Food Security Declining; 11.4 M Ugandans Risk Food Shortage by March – Report

There’s is an estimated 10.9 million people in Uganda currently suffering acute food shortage, diagnosis a newly launched report indicates. Of this population, capsule 1.6 million people are in a food crisis and the number of people likely to suffer food shortage is predicted to rise to 11.4 million by March this year.

This is according to the findings of the Uganda Emergency Food Security Assessment report which is informed by a nationwide study that commenced in December 2016.

It was conducted by government with funding from World Bank, World Food Program, UNDP among other agencies to assess the number of people affected by food insecurity.

The study was conducted in 84 districts and the information collected was integrated with weather forecasts to make projections on food insecurity trends until March.

Uganda has suffered a long dry spell since 2015 which resulted in massive crop failure, little or no harvest and shortage of pasture for cattle herding areas. The impact of this drought has largely been felt in the Eastern, Central, Karamoja region and the entire cattle corridor.

According to the report, 69% of the population in Uganda has food stability as well as access to a variety of adequate food both from household stocks to the market. These households still have food stocks from the second harvest that are expected to last for the next 2 to 3 months.

“This proportion of the population has adequate income to purchase food from the markets,” the reports adds but cites average livestock production for this same category due to declining pasture.

The other 26% of the population is facing stressed food security which implies that they have “minimum adequate food consumption and unable to afford some essential non-food expenditures”.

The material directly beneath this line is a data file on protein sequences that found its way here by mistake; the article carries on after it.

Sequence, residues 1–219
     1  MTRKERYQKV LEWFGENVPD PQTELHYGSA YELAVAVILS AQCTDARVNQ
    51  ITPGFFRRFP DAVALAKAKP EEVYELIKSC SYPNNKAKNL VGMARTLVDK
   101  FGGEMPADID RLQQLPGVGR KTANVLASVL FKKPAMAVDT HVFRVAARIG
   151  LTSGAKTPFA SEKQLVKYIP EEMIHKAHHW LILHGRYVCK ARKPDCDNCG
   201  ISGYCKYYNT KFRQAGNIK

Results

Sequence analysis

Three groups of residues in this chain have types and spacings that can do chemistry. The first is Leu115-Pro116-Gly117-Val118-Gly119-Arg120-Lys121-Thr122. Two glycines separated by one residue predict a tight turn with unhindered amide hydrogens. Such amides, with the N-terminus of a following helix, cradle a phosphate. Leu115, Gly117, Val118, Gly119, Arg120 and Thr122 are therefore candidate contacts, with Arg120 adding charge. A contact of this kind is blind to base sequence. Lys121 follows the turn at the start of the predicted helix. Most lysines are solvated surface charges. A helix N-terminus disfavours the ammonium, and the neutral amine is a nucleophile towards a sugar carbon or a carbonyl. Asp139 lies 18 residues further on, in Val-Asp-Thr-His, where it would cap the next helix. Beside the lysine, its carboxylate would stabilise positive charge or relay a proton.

Central region is reported to have the highest number of people under food stress with 1.88 million people, followed by South West with 1.1 million and West Nile with 1.04 million.

Of the 5% who are faced with a food crisis, the majority live in the Central region (580,000 people) while the rest are in Karamoja (120,000), Teso (200,000), East Central (380,000) and South West (310,000).

“This population has widening food consumption gaps with deteriorating dietary diversity and high malnutrition rates. The affected population includes the poorest households with low meal frequencies of up to one meal a day,” the findings indicate.

This same population is mainly coping through food assistance, remittances from relatives, begging, stealing food, wild food gathering and irreversible sale of productive assets to buy food.

Overall, the report states that food security is deteriorating as compared to the last two years with an increase in populations under food stress and food crisis.

While food is relatively still available in markets for those who depend on buying, the report points out the increasing food prices as a ’cause of distress’ in many regions. This mainly affects those that fall under the low income bracket.

Last year, President Museveni announced that government would divert funds meant for constructing roads to provide food aid to those in food shortage.

Speaking at the launching ceremony held at Kampala Serena Hotel on Tuesday, Prime Minister  Ruhakana Rugunda said government has committed Ush 25 billion towards food relief.

He added that; “Government is in the process of procuring 60,000 bags of 100kgs of maize flour and 15,000 bags of beans to dispatch to affected areas.”

Currently, distribution of food aid is ongoing in Karamoja, Teso, Bukedi and the cattle corridor which are among the most affected.

He also said that government has worked out a 5 year (2017 to 2021) Food Insecurity Eradication Action Plan that includes scaling up irrigation as well as construction of more valley tanks and dams.

On the agricultural front, the Minister of Agriculture Vincent Sempijja said resources have been committed towards elimination of pests especially the Foot and Mouth disease and ticks in livestock.

“We are ready to distribute maize, beans, sorghum, banana, cassava and cow pea seeds between now and April to ensure recovery of food production and good nutrition of Ugandans,” the Minister said.

The Food Security Assessment report recommend; further modernization of agriculture, addressing agriculture productivity, provision of climate services to farmers and financial risk management through agricultural insurance.

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